Date of this Version
Ultrasonics 110 (February 2021) 106269.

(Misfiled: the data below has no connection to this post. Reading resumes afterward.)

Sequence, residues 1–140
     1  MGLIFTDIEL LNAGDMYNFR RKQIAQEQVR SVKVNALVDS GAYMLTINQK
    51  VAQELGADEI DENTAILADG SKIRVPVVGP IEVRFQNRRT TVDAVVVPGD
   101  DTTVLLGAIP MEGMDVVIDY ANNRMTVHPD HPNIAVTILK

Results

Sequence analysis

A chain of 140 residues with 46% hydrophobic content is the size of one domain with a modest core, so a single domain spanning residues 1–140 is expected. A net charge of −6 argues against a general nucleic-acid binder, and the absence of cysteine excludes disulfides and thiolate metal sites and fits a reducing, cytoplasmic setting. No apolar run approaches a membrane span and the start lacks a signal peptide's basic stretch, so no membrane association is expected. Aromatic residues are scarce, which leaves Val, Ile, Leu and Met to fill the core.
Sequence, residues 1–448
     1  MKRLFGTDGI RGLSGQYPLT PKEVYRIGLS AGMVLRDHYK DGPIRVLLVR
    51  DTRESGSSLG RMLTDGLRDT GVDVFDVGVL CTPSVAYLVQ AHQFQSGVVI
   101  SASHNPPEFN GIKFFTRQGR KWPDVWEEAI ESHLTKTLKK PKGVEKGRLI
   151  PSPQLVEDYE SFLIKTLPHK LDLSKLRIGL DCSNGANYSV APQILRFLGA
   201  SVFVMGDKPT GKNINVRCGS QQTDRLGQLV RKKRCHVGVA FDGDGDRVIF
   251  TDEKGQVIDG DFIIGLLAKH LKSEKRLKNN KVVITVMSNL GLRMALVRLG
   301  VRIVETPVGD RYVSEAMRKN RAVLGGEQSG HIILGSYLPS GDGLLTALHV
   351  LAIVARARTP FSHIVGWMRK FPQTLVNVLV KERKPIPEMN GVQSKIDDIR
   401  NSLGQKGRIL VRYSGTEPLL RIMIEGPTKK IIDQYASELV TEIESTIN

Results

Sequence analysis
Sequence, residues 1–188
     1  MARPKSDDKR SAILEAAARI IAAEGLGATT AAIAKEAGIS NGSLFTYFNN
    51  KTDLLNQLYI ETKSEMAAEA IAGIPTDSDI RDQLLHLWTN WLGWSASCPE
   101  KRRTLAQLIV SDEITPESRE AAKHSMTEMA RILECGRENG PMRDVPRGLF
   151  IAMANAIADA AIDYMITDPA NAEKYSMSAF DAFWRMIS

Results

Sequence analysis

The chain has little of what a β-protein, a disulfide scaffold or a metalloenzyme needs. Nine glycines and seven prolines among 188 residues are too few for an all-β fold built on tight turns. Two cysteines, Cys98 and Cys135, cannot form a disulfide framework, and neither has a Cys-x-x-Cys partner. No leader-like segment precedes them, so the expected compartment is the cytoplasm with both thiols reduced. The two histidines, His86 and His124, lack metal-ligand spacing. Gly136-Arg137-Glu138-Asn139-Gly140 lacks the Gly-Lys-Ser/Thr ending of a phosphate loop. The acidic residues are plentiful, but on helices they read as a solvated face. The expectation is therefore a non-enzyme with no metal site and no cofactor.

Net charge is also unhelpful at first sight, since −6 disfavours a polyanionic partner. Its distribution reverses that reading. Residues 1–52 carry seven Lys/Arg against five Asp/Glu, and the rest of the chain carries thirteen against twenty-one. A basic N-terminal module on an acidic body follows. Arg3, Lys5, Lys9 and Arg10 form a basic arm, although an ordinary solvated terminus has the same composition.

Metal hybrid additive manufacturing (AM) processes are suitable to create complex structures that advance engineering performance. Hybrid AM can be used to create functionally graded materials for which the variation in microstructure and material properties across the domain is created through a synergized combination of fully coupled manufacturing processes and/or energy sources. This expansion in the engineering design and manufacturing spaces presents challenges for nondestructive evaluation, including the assessment of the sensitivity of nondestructive measurements to functional gradients. To address this problem, linear ultrasound measurements are used to interrogate 420 stainless steel coupons from three manufacturing methods: wrought, AM, and hybrid AM (directed energy deposition + laser peening). Wave speed, attenuation, and diffuse backscatter results are compared with microhardness measurements along the build/axial direction of the coupons, while microstructure images are used for qualitative verification. The ultrasound measurements compare well with the destructive measurements without any substantial loss in resolution. Furthermore, ultrasonic methods are shown to be effective for identification of the gradient and cyclic nature of the elastic properties and microstructure on the hybrid AM coupon. These results highlight the potential of ultrasound as an efficient and accessible nondestructive characterization method for hybrid AM samples and inform further nondestructive evaluation decisions in AM.